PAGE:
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Random Sample Consensus (RANSAC) is the most widely used robust regression algorithm in computer vision. However, RANSAC has a few drawbacks which make it difficult to use for practical applications. Some of these problems have been addressed through improved sampling algorithms or better cost functions, but an important difficulty still remains. The algorithm is not user independent, and requires knowledge of the scale of the inlier noise. We propose a new robust regression algorithm, the projection based Mestimator (pbM). The pbM algorithm is derived by building a connection to the theory of kernel density estimation and this leads to an improved cost function, which gives better performance. Furthermore, pbM is user independent and does not require any knowledge of the scale of noise corrupting the inliers. We propose a general framework for the pbM algorithm which can handle heteroscedastic data and multiple linear constraints on each data point through the use of Grassmann manifold theory. The performance of pbM is compared with RANSAC and MEstimator Sample Consensus (MSAC) on various real problems. It is shown that pbM gives better results than RANSAC and MSAC in spite of being user independent.
A new distance for scaleinvariant 3D shape recognition and registration
 In Proceedings of ICCV
, 2011
"... This paper presents a method for votebased 3D shape recognition and registration, in particular using mean shift on 3D pose votes in the space of direct similarity transforms for the first time. We introduce a new distance between poses in this space—the SRT distance. It is leftinvariant, unlike E ..."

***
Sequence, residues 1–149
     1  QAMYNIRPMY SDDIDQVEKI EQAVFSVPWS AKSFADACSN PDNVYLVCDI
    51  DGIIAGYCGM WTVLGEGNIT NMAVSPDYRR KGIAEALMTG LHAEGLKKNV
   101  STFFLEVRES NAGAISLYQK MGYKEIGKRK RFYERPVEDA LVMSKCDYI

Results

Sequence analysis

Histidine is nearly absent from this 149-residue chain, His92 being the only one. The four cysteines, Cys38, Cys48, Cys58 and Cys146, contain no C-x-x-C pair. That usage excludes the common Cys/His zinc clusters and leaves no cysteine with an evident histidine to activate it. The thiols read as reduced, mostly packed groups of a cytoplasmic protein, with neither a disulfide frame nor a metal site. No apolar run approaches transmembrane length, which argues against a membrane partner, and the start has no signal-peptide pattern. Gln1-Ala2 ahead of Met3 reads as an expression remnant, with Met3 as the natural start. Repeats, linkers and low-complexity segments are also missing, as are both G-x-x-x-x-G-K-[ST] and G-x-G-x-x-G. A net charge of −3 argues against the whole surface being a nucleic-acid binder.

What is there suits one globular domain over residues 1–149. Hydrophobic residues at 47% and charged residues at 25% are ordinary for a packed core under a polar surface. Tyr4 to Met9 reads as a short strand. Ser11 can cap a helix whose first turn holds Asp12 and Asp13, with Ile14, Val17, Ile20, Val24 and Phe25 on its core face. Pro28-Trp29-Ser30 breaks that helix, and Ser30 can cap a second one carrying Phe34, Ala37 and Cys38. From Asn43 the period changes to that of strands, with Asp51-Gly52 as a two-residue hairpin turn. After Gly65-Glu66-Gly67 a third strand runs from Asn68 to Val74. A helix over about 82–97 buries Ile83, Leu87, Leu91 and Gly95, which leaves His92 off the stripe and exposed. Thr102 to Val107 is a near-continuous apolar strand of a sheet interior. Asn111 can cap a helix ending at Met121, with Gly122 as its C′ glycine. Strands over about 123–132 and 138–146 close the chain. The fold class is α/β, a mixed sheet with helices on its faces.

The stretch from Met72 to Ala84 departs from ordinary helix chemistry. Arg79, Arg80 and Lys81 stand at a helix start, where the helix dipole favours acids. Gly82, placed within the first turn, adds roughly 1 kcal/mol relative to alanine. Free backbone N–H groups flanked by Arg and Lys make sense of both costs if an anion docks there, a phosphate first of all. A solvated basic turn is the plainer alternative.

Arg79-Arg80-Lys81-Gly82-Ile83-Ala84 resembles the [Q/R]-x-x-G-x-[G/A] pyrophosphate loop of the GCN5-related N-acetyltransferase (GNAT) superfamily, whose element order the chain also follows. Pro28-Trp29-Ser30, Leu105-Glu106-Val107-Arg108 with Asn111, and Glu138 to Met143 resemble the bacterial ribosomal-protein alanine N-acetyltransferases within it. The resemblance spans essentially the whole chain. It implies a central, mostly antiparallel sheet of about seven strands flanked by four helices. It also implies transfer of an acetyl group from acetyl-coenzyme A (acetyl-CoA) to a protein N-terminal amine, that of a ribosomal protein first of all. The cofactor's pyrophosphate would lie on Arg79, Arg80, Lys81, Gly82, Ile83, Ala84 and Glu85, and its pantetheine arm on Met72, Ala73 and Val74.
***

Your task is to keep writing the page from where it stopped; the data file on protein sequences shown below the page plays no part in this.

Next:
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Cited by 11 (7 self)
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This paper presents a method for votebased 3D shape recognition and registration, in particular using mean shift on 3D pose votes in the space of direct similarity transforms for the first time. We introduce a new distance between poses in this space—the SRT distance. It is leftinvariant, unlike Euclidean distance, and has a unique, closedform mean, in contrast to Riemannian distance, so is fast to compute. We demonstrate improved performance over the state of the art in both recognition and registration on a real and challenging dataset, by comparing our distance with others in a mean shift framework, as well as with the commonly used Hough voting approach. 1.
Modedetection via medianshift
 ICCV
"... Medianshift is a mode seeking algorithm that relies on computing the median of local neighborhoods, instead of the mean. We further combine medianshift with Locality Sensitive Hashing (LSH) and show that the combined algorithm is suitable for clustering large scale, high dimensional data sets. In ..."
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Cited by 9 (1 self)